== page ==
IOSR Journal of Research & Method in Education (IOSR-JRME) e-ISSN: 2320–7388,p-ISSN: 2320–737X Volume 1, Issue 4 (May. –Jun. 2013), PP 40-45 www.iosrjournals.org
Culture As A Factor Of Intelligence Among Secondary Level Students 1
Sidera Ijaz, 2S. Farhana Kazmi, 3Fozia Nazir
Sidera Ijaz , MPhil, Hazara University, KPK, Pakistan1 Academic degree: Ph. D, Assistant professor, Hazara University, Mansehra, KPK, Pakistan2. Fozia Nazir , Lecturer , Government Girls Degree College No.2 , Mansehra, KPK, Pakistan3
Abstract: Present study aimed to explore the cultural differences in intelligence. To explore the purpose simple random samples of 440 students (Urban school students=220, Rural school students=220) of age ranging from 12 to 15 years old was drawn from urban and rural areas of district Abbott bad KPK Pakistan. Educational level of school students was 8th class. Survey technique was adopted for data collection. Raven’s Standard Progressive matrices test was used by the researcher in face to face interview to collect the data. To evaluate the significance of results, t-test was applied. Results indicated that urban school students have better intellectual level as compared to rural school students. Findings also revealed the gender difference between intellectual levels of students, that showed female students have high level of non-verbal intelligence as compared to male students. Result indicated that urban male students score high on non-verbal intelligence as compare to rural male students, similarly urban female students comparatively score higher than rural female students. Key words: Non-verbal intelligence, Urban school students, rural school students.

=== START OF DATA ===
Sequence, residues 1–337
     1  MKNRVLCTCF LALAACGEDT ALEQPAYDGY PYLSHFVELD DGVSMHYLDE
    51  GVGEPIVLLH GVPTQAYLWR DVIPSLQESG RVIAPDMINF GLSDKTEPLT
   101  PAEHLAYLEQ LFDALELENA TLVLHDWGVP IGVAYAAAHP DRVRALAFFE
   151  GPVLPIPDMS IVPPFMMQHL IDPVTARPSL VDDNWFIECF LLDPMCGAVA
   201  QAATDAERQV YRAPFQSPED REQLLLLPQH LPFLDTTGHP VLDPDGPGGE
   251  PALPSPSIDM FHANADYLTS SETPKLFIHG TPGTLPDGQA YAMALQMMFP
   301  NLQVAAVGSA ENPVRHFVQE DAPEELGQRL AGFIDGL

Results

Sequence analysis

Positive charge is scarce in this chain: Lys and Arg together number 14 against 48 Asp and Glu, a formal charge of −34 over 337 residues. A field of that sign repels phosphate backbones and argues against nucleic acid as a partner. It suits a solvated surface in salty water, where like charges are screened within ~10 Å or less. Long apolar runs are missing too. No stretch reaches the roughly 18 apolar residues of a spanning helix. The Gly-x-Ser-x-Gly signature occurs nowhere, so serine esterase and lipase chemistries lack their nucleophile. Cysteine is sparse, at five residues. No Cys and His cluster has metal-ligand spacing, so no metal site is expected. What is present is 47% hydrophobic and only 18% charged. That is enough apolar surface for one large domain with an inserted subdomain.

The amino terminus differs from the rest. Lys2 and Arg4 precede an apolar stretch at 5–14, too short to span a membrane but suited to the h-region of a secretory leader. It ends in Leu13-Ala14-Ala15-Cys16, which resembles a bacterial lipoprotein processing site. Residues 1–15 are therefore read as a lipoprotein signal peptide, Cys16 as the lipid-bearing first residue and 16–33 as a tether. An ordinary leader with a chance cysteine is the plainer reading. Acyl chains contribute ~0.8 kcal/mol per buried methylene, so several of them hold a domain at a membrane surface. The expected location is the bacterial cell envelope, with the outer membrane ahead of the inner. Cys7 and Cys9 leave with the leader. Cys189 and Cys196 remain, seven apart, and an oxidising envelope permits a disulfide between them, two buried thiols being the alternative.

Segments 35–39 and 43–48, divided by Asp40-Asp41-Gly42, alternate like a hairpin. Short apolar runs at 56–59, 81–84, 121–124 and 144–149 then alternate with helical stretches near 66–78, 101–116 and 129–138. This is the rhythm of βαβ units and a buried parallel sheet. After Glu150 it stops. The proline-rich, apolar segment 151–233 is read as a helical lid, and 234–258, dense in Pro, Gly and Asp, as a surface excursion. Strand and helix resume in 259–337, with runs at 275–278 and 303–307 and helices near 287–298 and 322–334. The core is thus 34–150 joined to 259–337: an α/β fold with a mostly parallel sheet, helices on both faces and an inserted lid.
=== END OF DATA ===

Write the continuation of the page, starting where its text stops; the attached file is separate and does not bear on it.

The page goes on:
Intelligence is a person's capacity to acquire knowledge, apply knowledge and engage in abstract reasoning (Boeree, 2003). Sternberg and Grigorenko (2004) argued that cultural difference can effect and even change the meaning of intelligence because behavior that consider positive in one setting proving to be negative in another culture. Swami and Furnham (2010) indicated that urban participants have higher SAI as compared to rural participants on self-assessed intelligence (SAI).Rushton, Cvorovic and Bons (2007) found no cultural effect general factor of intelligence in Serbia but males scores high than female on matrices. Khaleefa and Lynn (2008) neither found any sex differences in test, nor in variability in Syria, however the mean IQ was lesser than that of British and the United States samples. Fagan and Holland (2007) indicated that race was unrelated to the g factor on African-Americans and Whites. Murray, Waites, Veldman, and Heatly (1973) investigated mean I.Q scores of the various ethnic groups were spread over a 15-point range with Anglos highest and blacks lowest. Diaz, Sellami, Infanzon, Lanzon and Lynn (2010) indicated that men had higher average intelligence than women, but women had greater variability than men. Cornoldi, Belacchi, Giofre, Martini and Treaaoldi (2010) administered Raven's Progressive Colored Matrices on children belongs to South and North Italy and found no difference in IQ of both populations. Lynn, Backhoff and Contreras-Niño (2004) found no gender difference on the test, on g, or on reasoning. Powers and Barkan (1986) suggested that SPM is valid for both Hispanic and non Hispanic population. Gardezi (2001) noted no important differences between urban and rural groups in Pakistan. Abdel-Khalek (1988) found that the SPM is a practicable instrument in the Egyptian perspective. Naderi, Abdullah, Aizan, and Sharir (2010) found no gender differences between intelligence and academic achievement. MacAvoy, Orr and Sidles (1993) indicated Raven Colored Progressive Matrices (RCPM) as a suitable tool for grade 2 and the Raven Standard Progressive Matrices (RSPM) for grades 3 through 9. Fagan and Holland (2002) view that cultural differences in providing of information may report for racial differences in IQ. Guo, Aveyard and Dai (2009) indicated that rural and urban children were same in the means and range of scores and no cultural bias was found on Chinese Intelligence Scale for Young Children. Alexopoulos (1997) suggested that IQ of rural and urban boys are comparably high than the rural and urban girls. Rushton and Skuy (2000) found the difference between the African–Whit on the general factor of intelligence. Wysocki and Cankardas (2006) indicated that cultural background (rural & urban), education, profession and age affect the IQ of polish adults. www.iosrjournals.org